Whales in the Wake—The Whale Sharks of Hawaii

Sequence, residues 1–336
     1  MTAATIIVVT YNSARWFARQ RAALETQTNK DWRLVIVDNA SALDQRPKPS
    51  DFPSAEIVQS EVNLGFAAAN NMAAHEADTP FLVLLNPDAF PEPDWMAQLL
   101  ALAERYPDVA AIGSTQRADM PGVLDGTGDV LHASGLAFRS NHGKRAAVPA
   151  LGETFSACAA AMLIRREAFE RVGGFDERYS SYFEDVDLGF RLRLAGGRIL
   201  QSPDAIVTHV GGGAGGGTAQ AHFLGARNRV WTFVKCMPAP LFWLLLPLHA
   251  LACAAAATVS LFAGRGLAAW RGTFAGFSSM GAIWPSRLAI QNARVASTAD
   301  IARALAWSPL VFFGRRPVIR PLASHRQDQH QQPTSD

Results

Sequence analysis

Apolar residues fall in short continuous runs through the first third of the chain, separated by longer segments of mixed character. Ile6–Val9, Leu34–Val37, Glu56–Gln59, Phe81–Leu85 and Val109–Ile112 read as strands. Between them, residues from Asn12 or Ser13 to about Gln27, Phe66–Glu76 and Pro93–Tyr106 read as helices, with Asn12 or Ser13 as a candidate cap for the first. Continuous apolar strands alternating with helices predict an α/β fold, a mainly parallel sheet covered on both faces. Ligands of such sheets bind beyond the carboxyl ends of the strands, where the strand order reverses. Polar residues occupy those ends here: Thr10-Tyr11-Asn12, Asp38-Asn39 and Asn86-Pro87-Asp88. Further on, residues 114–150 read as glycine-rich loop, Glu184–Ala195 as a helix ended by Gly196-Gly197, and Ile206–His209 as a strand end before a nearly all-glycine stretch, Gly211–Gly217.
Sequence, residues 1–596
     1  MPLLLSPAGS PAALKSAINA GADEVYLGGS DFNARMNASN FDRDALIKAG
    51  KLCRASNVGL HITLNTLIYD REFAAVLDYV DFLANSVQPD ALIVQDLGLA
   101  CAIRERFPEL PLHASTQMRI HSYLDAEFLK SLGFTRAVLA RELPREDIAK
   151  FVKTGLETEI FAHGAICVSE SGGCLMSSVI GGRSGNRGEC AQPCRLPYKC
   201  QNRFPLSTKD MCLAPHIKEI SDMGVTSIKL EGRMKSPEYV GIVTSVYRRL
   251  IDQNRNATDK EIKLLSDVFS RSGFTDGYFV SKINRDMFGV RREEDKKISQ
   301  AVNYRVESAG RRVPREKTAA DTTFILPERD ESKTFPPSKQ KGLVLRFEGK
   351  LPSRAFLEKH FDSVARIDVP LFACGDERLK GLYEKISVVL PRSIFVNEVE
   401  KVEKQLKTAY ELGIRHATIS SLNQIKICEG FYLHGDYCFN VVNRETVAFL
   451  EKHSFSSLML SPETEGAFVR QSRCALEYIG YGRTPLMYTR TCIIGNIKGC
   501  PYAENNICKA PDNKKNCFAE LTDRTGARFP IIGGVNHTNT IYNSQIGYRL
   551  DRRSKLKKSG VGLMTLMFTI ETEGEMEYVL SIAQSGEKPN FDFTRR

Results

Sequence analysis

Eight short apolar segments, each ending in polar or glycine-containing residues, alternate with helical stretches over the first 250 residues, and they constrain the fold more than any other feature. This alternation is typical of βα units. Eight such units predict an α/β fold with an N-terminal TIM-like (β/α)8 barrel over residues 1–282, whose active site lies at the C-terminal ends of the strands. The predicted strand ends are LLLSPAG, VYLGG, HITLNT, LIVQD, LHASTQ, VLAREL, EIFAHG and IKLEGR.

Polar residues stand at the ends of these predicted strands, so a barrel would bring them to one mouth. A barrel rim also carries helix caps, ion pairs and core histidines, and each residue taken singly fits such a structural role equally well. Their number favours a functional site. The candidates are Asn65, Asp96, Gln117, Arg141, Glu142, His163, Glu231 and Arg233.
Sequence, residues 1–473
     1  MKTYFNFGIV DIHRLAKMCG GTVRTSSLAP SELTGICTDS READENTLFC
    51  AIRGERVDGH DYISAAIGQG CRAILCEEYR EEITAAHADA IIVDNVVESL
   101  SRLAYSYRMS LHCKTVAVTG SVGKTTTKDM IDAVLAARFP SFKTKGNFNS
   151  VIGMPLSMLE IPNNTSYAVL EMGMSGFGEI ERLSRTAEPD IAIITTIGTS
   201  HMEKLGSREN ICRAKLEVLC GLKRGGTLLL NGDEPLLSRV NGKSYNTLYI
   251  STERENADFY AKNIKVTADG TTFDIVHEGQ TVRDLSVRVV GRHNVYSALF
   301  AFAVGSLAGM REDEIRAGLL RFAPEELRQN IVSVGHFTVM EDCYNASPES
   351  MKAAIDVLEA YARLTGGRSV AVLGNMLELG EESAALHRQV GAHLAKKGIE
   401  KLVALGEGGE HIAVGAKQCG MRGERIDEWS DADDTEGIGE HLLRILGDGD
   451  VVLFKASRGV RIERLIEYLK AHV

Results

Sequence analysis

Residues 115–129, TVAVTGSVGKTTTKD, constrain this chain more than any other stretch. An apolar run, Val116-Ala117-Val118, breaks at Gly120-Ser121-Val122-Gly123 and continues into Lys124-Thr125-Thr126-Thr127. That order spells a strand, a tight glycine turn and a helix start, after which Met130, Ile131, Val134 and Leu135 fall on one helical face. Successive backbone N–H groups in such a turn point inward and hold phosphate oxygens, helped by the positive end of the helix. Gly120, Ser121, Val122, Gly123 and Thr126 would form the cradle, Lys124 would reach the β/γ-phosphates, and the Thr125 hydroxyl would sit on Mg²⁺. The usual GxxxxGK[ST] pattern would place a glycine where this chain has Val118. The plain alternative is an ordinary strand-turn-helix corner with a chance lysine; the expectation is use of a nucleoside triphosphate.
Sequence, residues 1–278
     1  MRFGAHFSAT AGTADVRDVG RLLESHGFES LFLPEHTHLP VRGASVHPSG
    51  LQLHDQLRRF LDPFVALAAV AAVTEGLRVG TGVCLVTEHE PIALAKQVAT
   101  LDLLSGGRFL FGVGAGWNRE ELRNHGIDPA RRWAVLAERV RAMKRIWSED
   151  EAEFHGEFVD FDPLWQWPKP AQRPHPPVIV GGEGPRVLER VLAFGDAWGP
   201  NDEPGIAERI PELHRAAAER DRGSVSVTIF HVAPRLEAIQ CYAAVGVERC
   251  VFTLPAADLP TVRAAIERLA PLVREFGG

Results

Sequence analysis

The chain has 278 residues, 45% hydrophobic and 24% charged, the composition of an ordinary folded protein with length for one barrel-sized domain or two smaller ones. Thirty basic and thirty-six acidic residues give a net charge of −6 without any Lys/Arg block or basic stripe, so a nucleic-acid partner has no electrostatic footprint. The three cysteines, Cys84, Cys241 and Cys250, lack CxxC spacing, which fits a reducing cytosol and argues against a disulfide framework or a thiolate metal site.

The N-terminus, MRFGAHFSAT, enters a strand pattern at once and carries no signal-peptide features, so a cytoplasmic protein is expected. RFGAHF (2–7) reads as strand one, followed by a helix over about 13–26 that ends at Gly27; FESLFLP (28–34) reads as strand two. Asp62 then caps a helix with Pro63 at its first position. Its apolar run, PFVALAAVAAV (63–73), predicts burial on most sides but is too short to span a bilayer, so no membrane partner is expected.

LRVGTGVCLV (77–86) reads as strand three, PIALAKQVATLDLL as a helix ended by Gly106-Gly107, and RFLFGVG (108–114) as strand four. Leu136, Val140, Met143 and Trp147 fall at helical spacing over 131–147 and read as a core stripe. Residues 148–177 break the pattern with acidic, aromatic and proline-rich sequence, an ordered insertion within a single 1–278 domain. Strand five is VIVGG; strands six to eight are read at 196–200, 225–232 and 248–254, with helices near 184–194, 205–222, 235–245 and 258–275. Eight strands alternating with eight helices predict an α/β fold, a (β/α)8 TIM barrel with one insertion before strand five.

[caption id="attachment_1464043" align="aligncenter" width="604"]©istockphoto/crisod ©istockphoto/crisod[/caption] A Gentle Giant Big, blotched, and beautiful, the whale shark (Rhincodon typus) is the world’s largest fish. And reaching lengths of nearly forty-feet long and weighing, in excess of twenty-tons, it’s rightfully so. Coincidentally, the second largest fish species is also a filter-feeding Jaws of sorts, the basking shark. But at just a “mere” twenty-five feet on average, its feeding gape is dwarfed by that of the whale sharks. Nomadic by nature, whale sharks occupy the tropical waters of the world, encompassing the Pacific, Atlantic, and Indian oceans. But despite their gypsy-inclined tendencies, they do exhibit what marine biologist called “residency migratory habits.” And, quite simply,  patterns are temporal-sensitive times where otherwise migratory animals will reside in one area for an extended period—sexual reproduction and feeding events are often the catalyst for such lengthy residencies. Here’s an allusion that may ring-clear to the masses: Celebrities are often portrayed by our tabloids and social media outlets as always on-the-go, happily living out their days at cruising altitude. But occasionally, such a celebrity will take-up residency at a ritzy Las Vegas casino: Cher, Britney Spears, Jennifer Lopez, Carlos Santana... the list goes on. Got it, get it? Hawaii offers-up quite the ecological gold-mind for these open-ocean dwellers. The plankton-rich waters off the coast of Hawaii allow these animals to reside comfortably during their stay. And what’s interesting enough is that the animals that reside in those waters appear to be mature or adolescent sharks; no newly-born animals have been recorded. What does this imply, exactly? Well, this factoid may very well represent a pivotal-point in a whale shark's reproductive cycle. These residential animals are more than likely taking full-advantage of the copious amounts of sustenance to support the matting patterns that take place in the open ocean. A whale shark mating’s never been recorded in the shallows of our world’s oceans—but they’re obviously reproducing. And viviparously, mind. Most sharks produce oviparously via fruited eggs that are known as “mermaid purses,” later hatching into miniature versions of their parental units. Female whale sharks, on the other hand, produce up-to a thousand unfertilized eggs that will later be internally fertilized by a suitable male; granted, not every egg will be fertilized. Once gestation has ran its course, the female will give birth to the viable young, populating the nomadic open oceans.  Big Shark, Big Business Docile and curious by nature, whale sharks are a treat to see on a whale-watching odyssey. In the island state of Hawaii, most animals can be seen frequenting the channels between Lanai and Molokai, as well as the Penguin Banks. Some animals will often approach a sea-going vessel to “greet” its sea goers, providing an unforgettable experience. When was the last time you were nonchalantly approached by a thirty-seven foot fish that, if it could communicate with our species, would utter, “Oh, hey guys. What’s with the legs?” And being that whale watching often nets an annual revenue of nine-million dollars for Hawaii, it’s a big business. Whale sharks are considered a “Vulnerable” (VU) species by the IUCN Red list. And sadly, many whale sharks meet their end at blades of a passing boat propeller. Be mindful, be present—invest in a propeller guard. “Big, blotched, and beautiful [and thriving],” let’s try to keep it that way. ―IUCN Red List Contributor and green journalist, Matthew Charnock

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